In any case, the disclosed exchange clearly illustrates that EU leaders do not know how to handle Putin, and that there is no consensus on how to deal with him. The same source reveals that not only Slovakia, but Hungary and Cyprus had also opposed further sanctions on Moscow.

Renzi reportedly tried to calm the discussion, stating that Russia remains strategic for the EU from an economic perspective, and also for helping manage the crisis in Iraq and Syria.

This statement reportedly helped shelve proposals for arming Kyiv, with European leaders deciding instead to give Moscow a final week to improve the situation on the ground, before “third level” sanctions are decided upon.

 In diplomatic jargon, “third level” sanctions refer to economic sanctions that are intended to hit Russia’s major economic players, with negative consequences for EU businesses.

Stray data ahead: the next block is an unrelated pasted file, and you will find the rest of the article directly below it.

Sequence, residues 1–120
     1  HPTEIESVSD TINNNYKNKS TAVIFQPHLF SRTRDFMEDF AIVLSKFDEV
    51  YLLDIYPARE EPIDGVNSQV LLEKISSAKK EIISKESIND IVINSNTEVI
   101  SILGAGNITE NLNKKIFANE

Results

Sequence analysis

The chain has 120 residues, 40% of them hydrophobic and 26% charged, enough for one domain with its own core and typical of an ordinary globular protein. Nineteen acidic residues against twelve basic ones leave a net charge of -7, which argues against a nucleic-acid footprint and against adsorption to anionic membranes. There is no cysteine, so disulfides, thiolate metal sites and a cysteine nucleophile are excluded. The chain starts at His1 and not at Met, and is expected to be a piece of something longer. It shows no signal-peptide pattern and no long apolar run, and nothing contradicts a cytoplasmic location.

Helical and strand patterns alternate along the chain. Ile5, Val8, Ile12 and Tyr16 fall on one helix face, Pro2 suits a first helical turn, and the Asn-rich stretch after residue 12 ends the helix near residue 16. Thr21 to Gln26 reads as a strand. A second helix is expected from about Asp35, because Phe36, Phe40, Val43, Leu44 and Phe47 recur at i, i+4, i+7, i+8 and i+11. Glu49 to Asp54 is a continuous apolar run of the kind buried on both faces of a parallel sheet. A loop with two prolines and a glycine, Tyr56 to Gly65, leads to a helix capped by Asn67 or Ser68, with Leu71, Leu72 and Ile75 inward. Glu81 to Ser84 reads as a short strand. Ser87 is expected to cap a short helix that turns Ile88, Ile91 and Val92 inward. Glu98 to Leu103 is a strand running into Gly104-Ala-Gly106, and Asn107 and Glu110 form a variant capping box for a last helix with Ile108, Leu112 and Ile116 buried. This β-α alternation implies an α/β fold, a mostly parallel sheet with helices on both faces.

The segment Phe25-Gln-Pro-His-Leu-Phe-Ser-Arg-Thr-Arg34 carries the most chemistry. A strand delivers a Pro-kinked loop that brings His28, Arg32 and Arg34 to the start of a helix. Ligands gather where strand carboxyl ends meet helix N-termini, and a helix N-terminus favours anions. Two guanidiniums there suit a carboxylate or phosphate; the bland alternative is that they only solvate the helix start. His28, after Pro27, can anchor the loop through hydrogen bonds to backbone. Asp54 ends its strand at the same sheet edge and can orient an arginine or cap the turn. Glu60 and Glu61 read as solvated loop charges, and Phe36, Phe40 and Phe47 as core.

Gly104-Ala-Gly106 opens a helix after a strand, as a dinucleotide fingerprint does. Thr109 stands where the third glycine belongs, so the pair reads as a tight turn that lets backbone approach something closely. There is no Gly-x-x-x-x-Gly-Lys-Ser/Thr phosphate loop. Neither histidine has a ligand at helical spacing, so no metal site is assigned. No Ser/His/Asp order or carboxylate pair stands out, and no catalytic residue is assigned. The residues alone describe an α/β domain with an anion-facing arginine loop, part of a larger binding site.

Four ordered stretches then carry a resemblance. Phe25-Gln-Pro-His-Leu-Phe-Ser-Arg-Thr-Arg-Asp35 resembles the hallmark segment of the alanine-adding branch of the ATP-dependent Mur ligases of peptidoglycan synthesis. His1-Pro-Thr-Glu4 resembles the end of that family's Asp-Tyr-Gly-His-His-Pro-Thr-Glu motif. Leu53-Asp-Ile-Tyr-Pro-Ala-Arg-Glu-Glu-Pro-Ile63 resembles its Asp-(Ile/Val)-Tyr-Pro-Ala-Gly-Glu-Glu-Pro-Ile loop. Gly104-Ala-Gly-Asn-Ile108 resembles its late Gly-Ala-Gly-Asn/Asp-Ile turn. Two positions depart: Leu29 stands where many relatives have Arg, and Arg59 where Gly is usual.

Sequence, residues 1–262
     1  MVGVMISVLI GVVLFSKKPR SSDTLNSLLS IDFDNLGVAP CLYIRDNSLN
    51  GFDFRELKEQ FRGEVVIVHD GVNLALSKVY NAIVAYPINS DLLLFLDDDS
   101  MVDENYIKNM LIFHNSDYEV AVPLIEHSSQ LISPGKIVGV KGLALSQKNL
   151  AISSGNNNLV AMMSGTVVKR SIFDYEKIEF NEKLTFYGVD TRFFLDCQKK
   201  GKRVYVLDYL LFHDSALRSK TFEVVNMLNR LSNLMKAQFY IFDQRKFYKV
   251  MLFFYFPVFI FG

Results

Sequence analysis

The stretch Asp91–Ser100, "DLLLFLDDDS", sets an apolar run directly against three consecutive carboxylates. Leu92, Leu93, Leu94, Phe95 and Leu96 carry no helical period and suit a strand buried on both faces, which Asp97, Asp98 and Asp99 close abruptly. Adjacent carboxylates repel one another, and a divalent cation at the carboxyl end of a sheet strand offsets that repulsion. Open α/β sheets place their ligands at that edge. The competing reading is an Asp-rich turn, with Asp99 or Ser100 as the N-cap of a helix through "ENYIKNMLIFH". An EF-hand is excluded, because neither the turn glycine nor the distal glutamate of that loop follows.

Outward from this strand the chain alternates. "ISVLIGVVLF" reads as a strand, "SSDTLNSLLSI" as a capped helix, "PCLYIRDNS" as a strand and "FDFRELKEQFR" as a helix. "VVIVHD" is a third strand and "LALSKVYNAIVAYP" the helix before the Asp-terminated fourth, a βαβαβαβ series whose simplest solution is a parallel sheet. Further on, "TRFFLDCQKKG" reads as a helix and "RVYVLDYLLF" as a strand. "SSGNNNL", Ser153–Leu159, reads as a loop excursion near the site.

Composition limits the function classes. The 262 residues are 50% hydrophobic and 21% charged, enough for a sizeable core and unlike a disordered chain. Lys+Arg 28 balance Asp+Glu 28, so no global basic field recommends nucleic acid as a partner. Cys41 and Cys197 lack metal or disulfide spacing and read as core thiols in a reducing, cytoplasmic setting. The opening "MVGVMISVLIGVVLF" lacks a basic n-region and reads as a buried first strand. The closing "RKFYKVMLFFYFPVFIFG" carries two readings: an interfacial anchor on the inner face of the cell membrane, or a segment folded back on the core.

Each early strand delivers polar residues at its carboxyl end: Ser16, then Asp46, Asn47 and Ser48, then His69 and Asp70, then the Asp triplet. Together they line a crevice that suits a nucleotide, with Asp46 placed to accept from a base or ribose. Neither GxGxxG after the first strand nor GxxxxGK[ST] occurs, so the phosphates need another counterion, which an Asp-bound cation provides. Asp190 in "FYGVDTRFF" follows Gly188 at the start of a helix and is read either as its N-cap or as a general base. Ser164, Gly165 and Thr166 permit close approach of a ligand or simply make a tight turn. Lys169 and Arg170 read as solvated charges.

Rebels seek ‘special status’

In the meantime, various reports suggest that Russian tactics with Ukraine are not aimed at separating territories from the country, but rather establishing a federation in which each integral part would hold veto power to decide major issues, such as EU association or NATO membership. By calling for peace talks, the EU may therefore find itself trapped by this Kremlin strategy.

A meeting of the so-called “contact group” was held in the Belarusian capital of Minsk yesterday (1 September), with the participation of pro-Russia separatists, who said they would be prepared to stay part of Ukraine if they were granted “special status”.

Russia, in particular, has been pushing for a fresh meeting of the “contact group”, in which Ukraine is informally represented by Ukrainian ex-president Leonid Kuchma.

The separatists issued their call as the Ukrainian military faced a number of reversals on the battlefield.

Sepratists said they wanted recognition of special status for their territories, with the right to conduct their own foreign trade policy, in order to allow them to integrate with the Russian-led Customs Union.